London’s Gatwick Airport has been closed since 9 p.m. on Wednesday — bar a brief reprieve of 45 minutes early Thursday morning — after drones were spotted near the airfield.
As of Thursday afternoon, police were still on the hunt for the drone operators who have brought the airport to a standstill, causing travel chaos for hundreds of thousands of passengers just days before Christmas.
“Each time we believe we get close to the operator, the drone disappears; when we look to reopen the airfield, the drone reappears,” Sussex Police Superintendent Justin Burtenshaw told the UK’s Press Association.
The Ministry of Defence said Thursday evening that it had deployed specialist equipment to assist Sussex Police in their efforts.
A drone had been spotted near the runway as recently as midday, the airport’s Chief Operating Officer Chris Woodroofe told journalists. He could not say when the major international airport, located south of London, would reopen.
Aviation expert Jon Parker told CNN he’d “seen nothing on this scale before,” in terms of deliberate disruption by a drone to a major UK airport.
“The usual practice (when a drone is spotted) is to suspend flights for half-an-hour, which is the usual battery lifespan for drones,” explained Parker, a former Royal Airforce fighter pilot and head of drone training company Flyby Technology.
But in the case of Gatwick, “whoever is responsible for this has had several batteries and have brought their drones back to the ground to put new batteries on them,” he said.
It is illegal to fly drones within 1 kilometer (0.6 miles) of a UK airfield boundary, with perpetrators facing up to five years in prison.
A spokesperson for Prime Minister Theresa May called the act “irresponsible and completely unacceptable.”
The drones used to disrupt flights at Gatwick are believed to be of an “industrial specification,” according to Sussex Police.
This means that a device is not an off-the-shelf consumer drone, but something bigger or more complex, or perhaps expertly home-made, explained Lewis Whyld, CNN’s drone operator and photojournalist.
He added that drones can have huge ranges, with some of the more powerful ones controlled from up to 10 miles (16 kilometers) away.
Drones don’t necessarily need an operator, added Whyld. They could be pre-programmed to follow a route using GPS, he said.
Passengers left in the lurch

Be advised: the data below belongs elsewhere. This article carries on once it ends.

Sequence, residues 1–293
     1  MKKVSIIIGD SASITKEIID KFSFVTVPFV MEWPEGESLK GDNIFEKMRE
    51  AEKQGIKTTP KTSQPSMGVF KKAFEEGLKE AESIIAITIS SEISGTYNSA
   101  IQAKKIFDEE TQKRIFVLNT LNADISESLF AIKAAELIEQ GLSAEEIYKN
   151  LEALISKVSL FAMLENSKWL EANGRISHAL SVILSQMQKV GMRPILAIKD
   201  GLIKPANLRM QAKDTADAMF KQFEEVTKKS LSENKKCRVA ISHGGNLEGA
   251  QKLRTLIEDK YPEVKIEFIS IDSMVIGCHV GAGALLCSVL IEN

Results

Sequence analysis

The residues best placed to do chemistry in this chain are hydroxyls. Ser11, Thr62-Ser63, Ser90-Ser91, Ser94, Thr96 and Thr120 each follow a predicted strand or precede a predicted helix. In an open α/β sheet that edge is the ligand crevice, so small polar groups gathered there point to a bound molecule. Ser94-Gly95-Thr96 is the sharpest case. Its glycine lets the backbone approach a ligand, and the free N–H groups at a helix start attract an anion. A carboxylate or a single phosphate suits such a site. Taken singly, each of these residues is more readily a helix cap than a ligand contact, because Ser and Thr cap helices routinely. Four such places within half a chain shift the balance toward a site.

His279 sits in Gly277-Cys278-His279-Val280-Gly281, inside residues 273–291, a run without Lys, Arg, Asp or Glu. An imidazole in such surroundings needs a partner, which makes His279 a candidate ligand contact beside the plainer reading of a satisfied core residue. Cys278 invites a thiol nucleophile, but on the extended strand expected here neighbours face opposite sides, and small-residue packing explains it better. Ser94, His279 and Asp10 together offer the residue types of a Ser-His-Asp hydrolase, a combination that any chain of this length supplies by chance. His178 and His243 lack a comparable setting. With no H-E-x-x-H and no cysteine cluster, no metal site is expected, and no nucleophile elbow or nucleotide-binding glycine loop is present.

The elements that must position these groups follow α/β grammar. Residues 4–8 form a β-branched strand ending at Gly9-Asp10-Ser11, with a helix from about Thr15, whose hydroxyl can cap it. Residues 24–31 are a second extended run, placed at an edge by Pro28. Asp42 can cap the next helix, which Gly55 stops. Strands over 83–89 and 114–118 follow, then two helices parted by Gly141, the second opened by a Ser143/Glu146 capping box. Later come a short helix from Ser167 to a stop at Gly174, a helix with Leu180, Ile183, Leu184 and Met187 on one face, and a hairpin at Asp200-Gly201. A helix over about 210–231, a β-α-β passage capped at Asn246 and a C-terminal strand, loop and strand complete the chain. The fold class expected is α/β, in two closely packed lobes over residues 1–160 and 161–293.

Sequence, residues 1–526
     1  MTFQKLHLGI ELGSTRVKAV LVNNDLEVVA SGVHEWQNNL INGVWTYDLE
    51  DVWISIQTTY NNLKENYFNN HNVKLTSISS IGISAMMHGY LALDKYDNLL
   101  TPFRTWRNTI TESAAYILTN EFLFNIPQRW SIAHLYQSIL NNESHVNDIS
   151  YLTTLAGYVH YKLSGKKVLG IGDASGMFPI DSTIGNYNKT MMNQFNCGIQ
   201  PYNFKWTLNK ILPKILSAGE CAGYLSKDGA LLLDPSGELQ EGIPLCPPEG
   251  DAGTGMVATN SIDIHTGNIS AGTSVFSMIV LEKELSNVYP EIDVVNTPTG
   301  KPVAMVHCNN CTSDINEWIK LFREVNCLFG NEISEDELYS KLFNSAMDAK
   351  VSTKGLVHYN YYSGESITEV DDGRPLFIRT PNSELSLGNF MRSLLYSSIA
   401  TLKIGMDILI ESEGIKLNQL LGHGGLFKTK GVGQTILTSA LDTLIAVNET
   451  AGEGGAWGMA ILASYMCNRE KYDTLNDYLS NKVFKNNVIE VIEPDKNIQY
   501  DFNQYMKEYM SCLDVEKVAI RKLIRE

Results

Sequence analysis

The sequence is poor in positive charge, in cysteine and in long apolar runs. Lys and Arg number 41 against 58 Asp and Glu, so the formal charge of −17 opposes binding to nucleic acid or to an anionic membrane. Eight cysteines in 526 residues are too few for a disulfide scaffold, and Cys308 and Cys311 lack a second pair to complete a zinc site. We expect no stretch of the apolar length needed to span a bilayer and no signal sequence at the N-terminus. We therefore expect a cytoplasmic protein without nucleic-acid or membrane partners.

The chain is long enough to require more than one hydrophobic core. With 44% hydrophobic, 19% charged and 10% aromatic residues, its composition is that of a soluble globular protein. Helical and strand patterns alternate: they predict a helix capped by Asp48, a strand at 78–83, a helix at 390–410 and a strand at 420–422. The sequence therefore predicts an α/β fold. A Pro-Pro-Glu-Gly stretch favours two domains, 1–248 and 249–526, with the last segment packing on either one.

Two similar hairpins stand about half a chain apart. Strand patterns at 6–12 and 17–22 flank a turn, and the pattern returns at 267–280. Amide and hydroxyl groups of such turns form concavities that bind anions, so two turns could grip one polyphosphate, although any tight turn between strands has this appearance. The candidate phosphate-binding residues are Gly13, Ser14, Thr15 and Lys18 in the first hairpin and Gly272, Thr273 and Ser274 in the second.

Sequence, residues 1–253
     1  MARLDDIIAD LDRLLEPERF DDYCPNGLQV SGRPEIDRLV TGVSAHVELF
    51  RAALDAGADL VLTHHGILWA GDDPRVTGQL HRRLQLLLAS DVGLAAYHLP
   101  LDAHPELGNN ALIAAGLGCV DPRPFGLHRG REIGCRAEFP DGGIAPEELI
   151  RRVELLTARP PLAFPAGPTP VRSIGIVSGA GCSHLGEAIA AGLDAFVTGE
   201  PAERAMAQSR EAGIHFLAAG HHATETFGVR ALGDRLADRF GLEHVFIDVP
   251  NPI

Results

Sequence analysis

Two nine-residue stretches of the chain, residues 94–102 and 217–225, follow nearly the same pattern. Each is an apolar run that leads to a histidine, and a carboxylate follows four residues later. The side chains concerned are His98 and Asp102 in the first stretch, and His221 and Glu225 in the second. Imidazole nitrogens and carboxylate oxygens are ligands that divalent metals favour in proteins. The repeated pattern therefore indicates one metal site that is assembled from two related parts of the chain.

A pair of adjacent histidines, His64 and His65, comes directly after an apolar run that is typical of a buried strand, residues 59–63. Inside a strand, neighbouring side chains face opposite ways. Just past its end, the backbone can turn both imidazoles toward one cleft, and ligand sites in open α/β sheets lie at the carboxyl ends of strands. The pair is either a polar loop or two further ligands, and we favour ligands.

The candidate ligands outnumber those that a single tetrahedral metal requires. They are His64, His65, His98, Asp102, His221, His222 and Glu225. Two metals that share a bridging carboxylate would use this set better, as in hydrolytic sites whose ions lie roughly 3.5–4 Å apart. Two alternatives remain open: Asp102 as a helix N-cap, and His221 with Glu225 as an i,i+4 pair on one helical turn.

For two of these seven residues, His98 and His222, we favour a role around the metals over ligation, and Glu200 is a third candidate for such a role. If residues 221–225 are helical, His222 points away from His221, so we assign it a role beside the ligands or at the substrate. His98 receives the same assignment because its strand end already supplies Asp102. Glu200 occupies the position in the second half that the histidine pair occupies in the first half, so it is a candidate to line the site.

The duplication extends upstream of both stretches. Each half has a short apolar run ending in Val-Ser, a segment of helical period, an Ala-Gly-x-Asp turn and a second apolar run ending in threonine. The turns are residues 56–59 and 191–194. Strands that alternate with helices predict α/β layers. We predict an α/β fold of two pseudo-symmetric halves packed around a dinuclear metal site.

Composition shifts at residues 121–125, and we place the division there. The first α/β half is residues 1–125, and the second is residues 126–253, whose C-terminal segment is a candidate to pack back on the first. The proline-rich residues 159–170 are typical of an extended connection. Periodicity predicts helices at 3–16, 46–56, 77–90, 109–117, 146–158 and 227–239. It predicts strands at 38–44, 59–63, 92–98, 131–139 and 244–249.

Gatwick was thrown into turmoil on Wednesday and Thursday, with passengers stranded at the terminal or re-routed to other airports.
Around 110,000 passengers on 760 flights were scheduled to depart and land at Gatwick on Thursday morning, a spokesperson told CNN.
One passenger, Matt, said on Twitter he was waiting to board a coach at Manchester in the north of England — two hours after he was supposed to arrive at Gatwick at the other end of the country.
At Berlin’s Tegel Airport, heavily pregnant British woman Imogen Fletcher was left stranded for hours after her EasyJet flight to Gatwick was canceled.
The IT developer told CNN she had been on her way home for Christmas with her husband and daughter, but on Thursday morning she was left scrambling to find another flight.
Passenger John Belo told CNN he was stuck on a plane at Gatwick for four hours. Belo had been due to fly to Porto in Portugal at 8.45 p.m. on Wednesday night, in what should have been a two-and-a-half hour journey. But after hours of delays he finally arrived in the city at 2 a.m. the following morning.
Chaotic scenes at Gatwick
Passengers stranded at Gatwick in the early hours of Thursday described “total chaos” inside the terminal, with flights suspended and little information from staff.
Eddie Boyes, who was due to fly to Odessa in Ukraine, was stuck at the terminal with his wife and four-year-old son for nine hours.
He told CNN they had received “no information from the airport — any information I have managed to get has been from social media.
“We have been given food vouchers totaling £30 ($38), offered a hotel room initially but very shortly afterwards this was retracted.”
“People are sleeping on the floor in south terminal,” he said, adding it was an “utter shambles.”
Gatwick doesn’t usually operate overnight, but morning is its busiest time, an airport spokesperson told CNN. The spokesperson warned passengers not to make their way to the airfield without checking on the status of their flight first.
“We ‘re sorry for the inconvenience today, but the safety of our passengers and staff is our no.1 priority,” the airport said in a statement.
Drones flying too close to commercial flights pose a serious threat to larger aircraft, and can be sucked into engines or crash into the cockpit window, injuring or killing a pilot.
It is illegal to fly a drone higher than 400 feet (120 meters), or within 150 feet (50 meters) of people and properties.
Drone operators found to have endangered the safety of an aircraft could also face up to five years in prison.